1982 Los Angeles Lakers: The Lakers swept the Suns 4-0 in their first series of the playoffs and then swept the Spurs in the conference finals. They went on to defeat the 76ers 4-2 in the finals for the title.

1950 Minneapolis Lakers: The Lakers swept the Chicago Stags in two games ( a best-of-three series) and swept the Fort Wayne Pistons 2-0 in the next round on their way to winning the league title four games to two over the Syracuse Nationals.

1949 Minneapolis Lakers: Swept the Chicago Stags 2-0 and the Rochester Royals 2-0 in the first two rounds before defeating the Washington Capitals four games to two to win the title.

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NHL Playoffs: The Conference Semifinals ‘seed’ advantage

Sports Stats ‘on Tapp’ is a sports statistics blog published multiple times weekly focusing on stats that go beyond the numbers.

Stanley Cup, on display at the Hockey Hall of ...

The Stanley Cup (Photo credit: Wikipedia)

The next round of the NHL playoffs begin tonight as the first of the four Conference Semifinals will have Phoenix and Nashville facing off in Phoenix. The matchups for the Conference Semis:

No. 2 St. Louis vs. No. 8 Los Angeles

No. 3 Phoenix vs. No. 4 Nashville

No. 1 NY Rangers vs. No. 7 Washington

No. 5 Philadelphia vs. No. 6 New Jersey

Since we have each of the eight seeds (No. 1, No. 2 through No.8) represented in the second round, how well has each seed done in previous Conference Semifinals? Following are the series records of each seed in the second round from 1994-2011. (The playoffs in 1994 was the first year the league ranked eight teams from each of the two conferences No. 1 through No. 8, the current playoff format.) Notice how the No. 2 seed has the best series record since 1994; also notice how well the No. 6 seed has performed in the second round.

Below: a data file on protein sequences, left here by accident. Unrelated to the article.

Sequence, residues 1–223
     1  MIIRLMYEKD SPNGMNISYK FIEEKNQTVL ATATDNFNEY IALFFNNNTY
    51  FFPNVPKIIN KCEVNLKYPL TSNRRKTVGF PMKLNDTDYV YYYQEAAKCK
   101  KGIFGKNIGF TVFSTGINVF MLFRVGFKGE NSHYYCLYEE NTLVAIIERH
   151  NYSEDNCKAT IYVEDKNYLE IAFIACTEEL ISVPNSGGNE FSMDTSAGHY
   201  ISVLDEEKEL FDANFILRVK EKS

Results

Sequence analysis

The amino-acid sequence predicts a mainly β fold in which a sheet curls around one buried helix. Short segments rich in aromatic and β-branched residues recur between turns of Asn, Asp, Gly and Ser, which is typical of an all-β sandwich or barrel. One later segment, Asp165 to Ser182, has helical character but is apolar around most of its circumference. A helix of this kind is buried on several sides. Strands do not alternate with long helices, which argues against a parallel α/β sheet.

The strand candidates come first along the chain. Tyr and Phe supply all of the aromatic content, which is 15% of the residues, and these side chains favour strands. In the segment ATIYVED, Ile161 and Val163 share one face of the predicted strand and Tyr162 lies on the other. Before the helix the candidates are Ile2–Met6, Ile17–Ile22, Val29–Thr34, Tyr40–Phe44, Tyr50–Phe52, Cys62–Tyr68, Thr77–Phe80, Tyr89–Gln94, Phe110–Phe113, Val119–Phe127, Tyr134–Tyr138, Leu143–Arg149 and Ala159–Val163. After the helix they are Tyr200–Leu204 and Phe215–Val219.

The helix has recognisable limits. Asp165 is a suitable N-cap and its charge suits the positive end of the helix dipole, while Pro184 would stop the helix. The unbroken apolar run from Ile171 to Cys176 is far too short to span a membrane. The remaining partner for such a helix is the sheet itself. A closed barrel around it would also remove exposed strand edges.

Series Record (series won/lost) of Seeds in Conference Semifinals

No. 1 Seed… 17-8 .680

No. 2 Seed… 14-5 .737

No. 3 Seed… 9-13 .409

No. 4 Seed… 11-11 .500

No. 5 Seed… 4-8 .333

No. 6 Seed… 7-5 .583

No. 7 Seed… 4-11 .267

No. 8 Seed… 2-7 .222

Let’s take it a step further. Here are the actual seed matchups from the second round from 1994-2011

Conference Semifinals Matchups (by seed) 1994-2011

No. 1 vs. No. 4: Series tied at 2-2; No. 1 vs. No. 5: No. 1 has won five series and lost two; No. 1 vs. No. 6: No. 1 has won two series and lost three; No. 1 vs. No. 7: No. 1 has won eight series and lost one.

No. 2 vs. No. 3: No. 2 has won nine series and lost two; No. 2 vs. No. 4: No. 2 has won one series and lost two series; No. 2 vs. No. 5: series tied at 1-1; No. 2 vs. No. 8: No. 2 has won all three series.

No. 3 vs. No. 4: No. 3 has won five series and lost three; No. 3 vs. No. 5: No. 3 lost the only series; No. 3 vs. No. 8: No. 3 has won both series.

No. 4 vs. No. 6: Series tied at 1-1; No. 4 vs. No. 7: series tied at 1-1; No. 4 vs. No. 8: No. 4 has won two series and lost one.

No. 5 vs. No. 6: No. 5 has lost only series; No. 5 vs. No. 8: No. 5 has lost only series.

No. 6 vs. No. 7: Series tied at 2-2.

Did you know? The higher seed has won the 64.7 percent of the NHL Conference Semifinals series from 1994-2011.

As mentioned above, each of the eight seeds (No. 1 through No. 8) have a team playing in the second round. This is the fourth time this has happened in the second round of the playoffs since 1994 (1995, 1999, 2006 and 2010). The No. 2 seed in 2010 and 2006 won the Stanley Cup that year… could this bode well for the St. Louis Blues?